Cork professors named joint winners of researcher of the year award

Profs Geraldine Boylan and Louise Kenny are directors of UCC’s Infant Centre


Two researchers based in Cork who study mother and newborn health are joint recipients of the Science Foundation Ireland Researcher of the Year Award 2015.

Profs Geraldine Boylan and Louise Kenny are directors of University College Cork’s Infant Centre, a large-scale research facility that focuses on health threats in late pregnancy and the early weeks after birth.

Their award was announced at the annual meeting of researchers funded under the various programmes run by the foundation. The meeting also heard that Matthew Gleeson, a postgraduate researcher at University of Limerick won the Foundation’s Research Image of the Year award for his picture, Lightning Wires.

Profs Boylan and Kenny expressed their delight at receiving the award. More than 800 women die every day worldwide as a result of pregnancy or childbirth, they said. And more than 15,000 babies will be stillborn or will die within days.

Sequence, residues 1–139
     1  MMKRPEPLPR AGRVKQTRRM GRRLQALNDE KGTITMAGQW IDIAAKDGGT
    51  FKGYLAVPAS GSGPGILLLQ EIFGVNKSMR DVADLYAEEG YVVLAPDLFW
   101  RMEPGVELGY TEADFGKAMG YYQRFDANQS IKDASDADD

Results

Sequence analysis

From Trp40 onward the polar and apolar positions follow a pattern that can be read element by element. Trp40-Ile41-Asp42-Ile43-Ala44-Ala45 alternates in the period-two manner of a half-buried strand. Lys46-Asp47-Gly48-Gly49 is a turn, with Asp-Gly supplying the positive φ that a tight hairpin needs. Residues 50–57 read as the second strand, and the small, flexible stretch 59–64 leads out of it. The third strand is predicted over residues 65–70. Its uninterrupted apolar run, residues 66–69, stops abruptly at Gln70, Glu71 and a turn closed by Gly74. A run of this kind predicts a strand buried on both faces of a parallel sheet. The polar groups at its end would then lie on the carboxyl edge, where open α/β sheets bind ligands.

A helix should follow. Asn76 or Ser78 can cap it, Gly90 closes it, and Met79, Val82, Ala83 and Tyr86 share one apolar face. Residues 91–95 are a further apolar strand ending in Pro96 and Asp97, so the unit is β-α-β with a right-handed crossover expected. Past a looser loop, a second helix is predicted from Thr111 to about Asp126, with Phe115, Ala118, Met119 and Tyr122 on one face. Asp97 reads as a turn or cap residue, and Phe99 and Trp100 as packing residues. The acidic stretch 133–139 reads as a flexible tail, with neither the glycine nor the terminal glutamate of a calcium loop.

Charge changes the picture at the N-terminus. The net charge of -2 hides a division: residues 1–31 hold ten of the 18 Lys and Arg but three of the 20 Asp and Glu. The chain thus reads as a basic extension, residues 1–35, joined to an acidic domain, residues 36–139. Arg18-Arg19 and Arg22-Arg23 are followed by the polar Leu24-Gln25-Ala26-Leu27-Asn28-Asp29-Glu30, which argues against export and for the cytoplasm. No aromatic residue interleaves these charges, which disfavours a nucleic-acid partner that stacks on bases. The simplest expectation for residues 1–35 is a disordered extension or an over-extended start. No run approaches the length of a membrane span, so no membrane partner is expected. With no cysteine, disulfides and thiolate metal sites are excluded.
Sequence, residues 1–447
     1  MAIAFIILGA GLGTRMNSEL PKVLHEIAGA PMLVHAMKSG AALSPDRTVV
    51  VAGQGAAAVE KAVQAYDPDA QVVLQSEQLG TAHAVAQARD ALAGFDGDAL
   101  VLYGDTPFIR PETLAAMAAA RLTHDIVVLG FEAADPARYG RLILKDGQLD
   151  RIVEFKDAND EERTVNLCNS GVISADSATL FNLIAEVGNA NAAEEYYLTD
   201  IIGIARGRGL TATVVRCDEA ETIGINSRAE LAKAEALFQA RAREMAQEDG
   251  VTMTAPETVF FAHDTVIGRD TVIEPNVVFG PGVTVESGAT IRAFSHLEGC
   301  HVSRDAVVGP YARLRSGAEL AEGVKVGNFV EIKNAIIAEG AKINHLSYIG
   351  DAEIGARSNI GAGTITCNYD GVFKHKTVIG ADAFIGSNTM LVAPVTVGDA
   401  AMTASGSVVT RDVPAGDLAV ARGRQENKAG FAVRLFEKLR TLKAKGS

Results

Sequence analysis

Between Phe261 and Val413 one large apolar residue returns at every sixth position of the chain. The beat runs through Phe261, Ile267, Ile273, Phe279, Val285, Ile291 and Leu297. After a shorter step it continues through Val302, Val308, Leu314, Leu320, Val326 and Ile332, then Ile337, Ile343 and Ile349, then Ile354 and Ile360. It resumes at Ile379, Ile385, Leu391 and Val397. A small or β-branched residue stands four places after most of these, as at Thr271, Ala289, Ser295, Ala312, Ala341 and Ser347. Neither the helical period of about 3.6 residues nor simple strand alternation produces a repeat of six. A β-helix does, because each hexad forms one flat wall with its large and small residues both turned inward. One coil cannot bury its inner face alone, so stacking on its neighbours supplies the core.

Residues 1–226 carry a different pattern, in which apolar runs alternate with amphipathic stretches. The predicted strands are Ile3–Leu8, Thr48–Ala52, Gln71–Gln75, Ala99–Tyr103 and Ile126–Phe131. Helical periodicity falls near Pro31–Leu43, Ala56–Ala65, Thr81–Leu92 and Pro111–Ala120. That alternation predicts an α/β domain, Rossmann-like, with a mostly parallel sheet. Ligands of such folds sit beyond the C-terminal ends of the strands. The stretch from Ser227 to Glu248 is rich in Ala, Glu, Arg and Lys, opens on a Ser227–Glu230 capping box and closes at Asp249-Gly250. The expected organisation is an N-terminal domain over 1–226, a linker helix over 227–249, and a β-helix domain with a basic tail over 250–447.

“It is hugely satisfying to see the results of our work making a difference to real women and babies’ lives on a daily basis,” they said.

The two researchers were “leading the way in perinatal care and research”, said Minister of State for Skills, Research and Innovation Damien English when making the award.

Infant was unique in being led by two women and they have built a cohesive team of researchers, said Prof Mark Ferguson, director general of the Foundation.

Infant, the Irish Centre for Foetal and Neonatal Translational Research, is based in Cork University Maternity Hospital. It is involved in a wide range of studies into conditions such as pre-eclampsia, pre-term birth and foetal growth restriction.

One goal is to discover biomarkers, early warning signs that a woman might be at risk of pre-eclampsia which is a danger to mother and child.

The Lightning Wires image was one of 40 submitted for the annual competition. It shows a collection of “nanowires” measuring a fraction of the diameter of a human hair.